Freedom of expression
ARE JOURNALISTS PERSECUTED, THREATENED OR HARASSED BECAUSE OF THE WAY THEY COVER THE NEWS?
- Respected press reporters and conductors of opinion programs, subpoenaed by the Attorney General’s Office and by the Courts, for affecting the Government image.
- Marianella Salazar charged for defamation for having published purported administrative irregularities by the Vice-President of the Republic and the Governor of Miranda.
- Press reporters subpoenaed to reveal information sources regarding Danilo Anderson’s file, an assassinated prosecutor.
- Trespassed Patricia Poleo’s home in search of documents revealing information sources regarding Danilo Anderson’s case.
- Press reporter Patricia Poleo charged for defamation for having published information regarding the Minister of Justice and Internal Affairs.
- Press reporter Ibéyise Pacheco accused by Angel Bellorín, a Colonel (Ej), and charged to 9 months of prison for aggravated and continued defamation.
- Pacheco charged for having made a report based on a recording between Vice-President Rangel and the Ministers Aristóbulo Istúriz and María Cristina Iglesias.
- Press reporter Napoleón Bravo charged for incitement to hatred, when referring to the grandson of the Vice-President of the Republic.
- Inter American Commission of Human Rights (CIDH) declared its concern about the condition of press reporters in Venezuela and ordered protection preventive measures upon them.
- CIDH requests that the Inter American Court of Human Rights urge the Venezuelan State, the adoption of provisional measures to protect reporters’ personal integrity and freedom of speech and press.
- Diaries’ headquarter offices and hundreds of reporters attacked and assaulted during the years 2002, 2003 and 2004, by Government supporters.
1. Recently, a number of well-known journalists and anchor men and women have been ordered to appear before the Public Prosecutor and the Courts of the Republic to testify regarding news that affects the government's image. Some of these are:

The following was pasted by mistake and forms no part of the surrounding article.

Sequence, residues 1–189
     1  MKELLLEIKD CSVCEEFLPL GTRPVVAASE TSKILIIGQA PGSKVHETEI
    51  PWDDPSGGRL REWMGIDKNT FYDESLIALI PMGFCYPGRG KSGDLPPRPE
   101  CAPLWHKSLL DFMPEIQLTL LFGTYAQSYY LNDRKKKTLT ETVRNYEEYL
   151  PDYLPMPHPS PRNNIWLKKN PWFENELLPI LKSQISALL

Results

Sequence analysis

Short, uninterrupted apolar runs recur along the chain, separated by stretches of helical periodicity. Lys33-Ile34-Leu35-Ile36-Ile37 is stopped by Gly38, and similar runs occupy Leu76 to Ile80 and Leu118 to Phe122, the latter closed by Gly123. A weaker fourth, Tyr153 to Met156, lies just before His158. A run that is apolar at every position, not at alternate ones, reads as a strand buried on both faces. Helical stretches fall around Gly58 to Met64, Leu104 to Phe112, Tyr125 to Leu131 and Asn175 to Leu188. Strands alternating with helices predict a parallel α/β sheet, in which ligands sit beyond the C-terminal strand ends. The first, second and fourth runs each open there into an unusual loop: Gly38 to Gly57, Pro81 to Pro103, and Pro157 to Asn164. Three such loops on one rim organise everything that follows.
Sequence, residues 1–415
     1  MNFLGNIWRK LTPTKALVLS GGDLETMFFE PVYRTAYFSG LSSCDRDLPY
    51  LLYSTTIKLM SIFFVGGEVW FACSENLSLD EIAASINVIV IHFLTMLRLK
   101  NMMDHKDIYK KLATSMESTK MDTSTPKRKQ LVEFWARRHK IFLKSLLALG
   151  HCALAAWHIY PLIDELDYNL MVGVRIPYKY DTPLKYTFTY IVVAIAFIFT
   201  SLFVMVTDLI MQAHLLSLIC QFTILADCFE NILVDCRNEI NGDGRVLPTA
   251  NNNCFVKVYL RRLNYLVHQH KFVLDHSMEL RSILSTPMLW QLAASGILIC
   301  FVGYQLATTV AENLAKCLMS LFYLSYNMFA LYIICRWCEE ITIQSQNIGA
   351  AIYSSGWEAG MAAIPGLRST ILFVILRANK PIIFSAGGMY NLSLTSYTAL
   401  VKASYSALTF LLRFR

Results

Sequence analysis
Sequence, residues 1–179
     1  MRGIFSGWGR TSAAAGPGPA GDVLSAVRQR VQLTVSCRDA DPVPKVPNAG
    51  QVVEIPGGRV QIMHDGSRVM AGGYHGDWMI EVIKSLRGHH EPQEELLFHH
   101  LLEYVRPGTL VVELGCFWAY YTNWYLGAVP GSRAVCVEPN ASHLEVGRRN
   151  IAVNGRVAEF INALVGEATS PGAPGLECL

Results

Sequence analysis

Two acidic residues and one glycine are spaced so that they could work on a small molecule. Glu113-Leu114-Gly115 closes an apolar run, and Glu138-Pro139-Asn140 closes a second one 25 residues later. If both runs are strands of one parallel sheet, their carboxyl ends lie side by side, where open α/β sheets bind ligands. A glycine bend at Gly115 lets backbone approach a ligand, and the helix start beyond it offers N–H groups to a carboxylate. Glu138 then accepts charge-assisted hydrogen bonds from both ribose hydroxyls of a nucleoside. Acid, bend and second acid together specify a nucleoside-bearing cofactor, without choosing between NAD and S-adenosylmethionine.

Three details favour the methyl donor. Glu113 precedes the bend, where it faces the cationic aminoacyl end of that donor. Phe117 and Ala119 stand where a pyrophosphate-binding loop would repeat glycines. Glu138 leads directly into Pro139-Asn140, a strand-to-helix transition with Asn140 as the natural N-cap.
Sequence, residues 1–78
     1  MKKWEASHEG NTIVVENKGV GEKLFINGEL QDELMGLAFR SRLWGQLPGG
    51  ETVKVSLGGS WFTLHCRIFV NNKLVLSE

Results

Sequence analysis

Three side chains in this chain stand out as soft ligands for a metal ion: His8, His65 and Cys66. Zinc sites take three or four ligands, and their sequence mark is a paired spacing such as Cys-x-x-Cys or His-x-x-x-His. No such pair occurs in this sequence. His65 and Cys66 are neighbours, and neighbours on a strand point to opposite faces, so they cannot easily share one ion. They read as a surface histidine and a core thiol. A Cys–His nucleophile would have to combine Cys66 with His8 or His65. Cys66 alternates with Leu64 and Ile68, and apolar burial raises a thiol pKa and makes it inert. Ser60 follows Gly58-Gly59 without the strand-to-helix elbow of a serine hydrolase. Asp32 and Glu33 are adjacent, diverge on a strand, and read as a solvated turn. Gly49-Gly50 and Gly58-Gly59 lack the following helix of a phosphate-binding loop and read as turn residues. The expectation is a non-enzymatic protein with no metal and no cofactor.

- Patricia Poleo, director of the newspaper El Nuevo País, and Tamoa Calzadilla reporter for the newspaper Ultimas Noticias, were summoned to reveal their sources in the investigation carried out by the Public Prosecutor regarding the leaking of documents related to the case of the death of prosecutor Danilo Anderson. In the case of Patricia Poleo, pressure tactics became even more evident when her house was raided by the police in search of documents that might reveal her sources. The journalist was further notified that charges will be brought against her for her allegedly illegal use of information and classified documents related to the Danilo Anderson case.
- When the newspaper El Nuevo País published a photo of a person identified as the Minster of the Interior and of Justice, Jesse Chacon, bent over a dead body at the headquarters of the TV station Venezolana de Television, the Minister filed a suit for libel against Patricia Poleo, arguing that he was not the person in the photograph. Following a brief trial Patricia Poleo was sentenced to six months in jail. As it was a first offence the sentence was later suspended, however Ms Poleo was forced to pay the total costs of the trial and to publish the sentence twice, with an interval of seven days, in the newspapers El Nuevo Pais and El Nacional.
Ibéyise Pacheco, a reporter for the newspaper El Nacional and anchor woman for a radio opinion program, was sentenced to nine months in jail following a suit for libel brought against her by Colonel Angel Bellorin.